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William Wyler originally signed on to be the director; and started the casting process. He was the one who hired Julie Andrews, not Robert Wise. Wyler dropped out of the project eventually because he felt his heart wasn't really in it. (He, like almost everyone else associated with the project, felt the story was too saccharine.) Wise picked up where Wyler left off.
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Julie Andrews was screenwriter Lehman's first choice. But 20th Century Fox were less enthused and suggested Doris Day, Leslie Caron, Grace Kelly, and Anne Bancroft to play opposite Bing Crosby.
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Sound of Music can be seen as the beginning of a trend in film called nunsploitation, films that came out mostly in Europe in the 60s and 70s, usually about nuns in a convent, facing some sort of crisis of faith.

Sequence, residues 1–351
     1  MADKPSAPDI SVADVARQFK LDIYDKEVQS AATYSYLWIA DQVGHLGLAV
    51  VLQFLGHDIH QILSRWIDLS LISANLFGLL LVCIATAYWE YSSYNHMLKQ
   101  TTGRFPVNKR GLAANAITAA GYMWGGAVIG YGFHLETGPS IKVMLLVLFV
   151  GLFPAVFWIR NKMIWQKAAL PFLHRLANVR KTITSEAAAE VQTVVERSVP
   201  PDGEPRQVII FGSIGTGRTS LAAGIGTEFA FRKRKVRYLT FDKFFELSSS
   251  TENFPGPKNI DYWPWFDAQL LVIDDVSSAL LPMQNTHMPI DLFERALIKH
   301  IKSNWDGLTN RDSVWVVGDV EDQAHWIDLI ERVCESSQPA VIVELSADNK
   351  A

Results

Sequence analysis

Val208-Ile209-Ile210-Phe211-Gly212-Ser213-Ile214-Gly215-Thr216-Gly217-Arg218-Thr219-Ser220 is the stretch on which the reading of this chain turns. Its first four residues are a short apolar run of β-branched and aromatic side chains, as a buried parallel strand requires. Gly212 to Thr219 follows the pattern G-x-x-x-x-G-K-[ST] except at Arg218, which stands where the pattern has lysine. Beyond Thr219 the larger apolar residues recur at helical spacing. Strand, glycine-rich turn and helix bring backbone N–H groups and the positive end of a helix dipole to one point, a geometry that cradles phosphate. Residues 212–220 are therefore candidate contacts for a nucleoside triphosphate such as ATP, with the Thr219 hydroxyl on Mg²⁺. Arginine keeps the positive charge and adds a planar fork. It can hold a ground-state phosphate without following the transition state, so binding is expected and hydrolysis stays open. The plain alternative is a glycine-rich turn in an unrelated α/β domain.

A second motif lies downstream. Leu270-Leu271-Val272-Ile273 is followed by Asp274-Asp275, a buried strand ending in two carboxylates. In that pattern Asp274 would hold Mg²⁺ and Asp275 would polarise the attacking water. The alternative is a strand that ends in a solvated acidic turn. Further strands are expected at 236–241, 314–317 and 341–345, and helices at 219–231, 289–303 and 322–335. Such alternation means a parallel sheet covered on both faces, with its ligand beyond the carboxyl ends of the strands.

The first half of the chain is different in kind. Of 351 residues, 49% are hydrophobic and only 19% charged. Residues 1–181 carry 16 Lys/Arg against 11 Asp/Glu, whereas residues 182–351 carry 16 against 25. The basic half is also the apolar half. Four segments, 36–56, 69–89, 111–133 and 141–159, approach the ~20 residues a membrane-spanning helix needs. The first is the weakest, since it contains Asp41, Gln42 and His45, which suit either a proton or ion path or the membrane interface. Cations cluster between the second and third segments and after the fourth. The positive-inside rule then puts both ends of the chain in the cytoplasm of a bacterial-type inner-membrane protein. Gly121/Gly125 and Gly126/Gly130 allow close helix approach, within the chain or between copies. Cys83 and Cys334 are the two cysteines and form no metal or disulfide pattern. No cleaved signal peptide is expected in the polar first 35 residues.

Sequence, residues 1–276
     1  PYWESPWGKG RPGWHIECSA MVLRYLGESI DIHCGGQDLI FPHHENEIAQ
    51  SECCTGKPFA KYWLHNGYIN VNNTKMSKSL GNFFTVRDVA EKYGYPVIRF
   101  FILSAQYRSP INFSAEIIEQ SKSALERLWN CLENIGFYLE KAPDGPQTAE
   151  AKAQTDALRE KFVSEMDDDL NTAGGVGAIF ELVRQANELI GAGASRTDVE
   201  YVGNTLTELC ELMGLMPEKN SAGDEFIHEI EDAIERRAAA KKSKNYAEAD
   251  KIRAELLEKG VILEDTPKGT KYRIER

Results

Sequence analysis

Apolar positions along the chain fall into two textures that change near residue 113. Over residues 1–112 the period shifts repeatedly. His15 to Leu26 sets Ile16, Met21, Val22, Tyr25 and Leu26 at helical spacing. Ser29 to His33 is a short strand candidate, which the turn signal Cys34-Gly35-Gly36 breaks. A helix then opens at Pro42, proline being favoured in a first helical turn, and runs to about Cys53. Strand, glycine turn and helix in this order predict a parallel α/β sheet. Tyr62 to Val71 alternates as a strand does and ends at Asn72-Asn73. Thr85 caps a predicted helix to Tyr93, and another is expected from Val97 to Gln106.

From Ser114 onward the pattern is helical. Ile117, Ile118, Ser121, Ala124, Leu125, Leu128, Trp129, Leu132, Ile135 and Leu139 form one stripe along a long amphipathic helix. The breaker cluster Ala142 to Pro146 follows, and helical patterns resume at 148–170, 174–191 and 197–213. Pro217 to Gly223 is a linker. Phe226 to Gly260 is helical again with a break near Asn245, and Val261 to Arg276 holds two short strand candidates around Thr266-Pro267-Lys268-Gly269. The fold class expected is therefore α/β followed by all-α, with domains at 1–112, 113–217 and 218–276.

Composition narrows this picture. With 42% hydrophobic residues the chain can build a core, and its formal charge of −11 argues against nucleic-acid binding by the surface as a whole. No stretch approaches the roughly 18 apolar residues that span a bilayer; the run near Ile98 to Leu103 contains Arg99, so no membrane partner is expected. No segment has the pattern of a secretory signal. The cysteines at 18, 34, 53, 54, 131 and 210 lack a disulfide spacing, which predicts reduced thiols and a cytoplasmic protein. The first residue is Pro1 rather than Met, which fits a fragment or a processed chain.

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If Maria Rainer von Trapp had not existed, R&H might have invented her, so snugly did she fit their mold of the resilient innocent in a foreign land (South Pacific) with a brood of children to teach (The King and I). Born in 1905 and soon orphaned, the real Maria entered a convent as a postulant and was assigned to tutor the family of Captain Von Trapp, a widower more than twice her age. (A naïf who was barely older than the eldest of her charges - she was 21 going on 17 - Maria must have grown up fast: a year later, she married the 47-year-old Captain.) Shifting the chronology to 1938, when Germany annexed Austria, the show's and the movie's creators found in Maria a true musical heroine: music defined her soul. Its therapeutic power gives her joy and meaning; it also gives life, almost literally, to the family she joins and mends.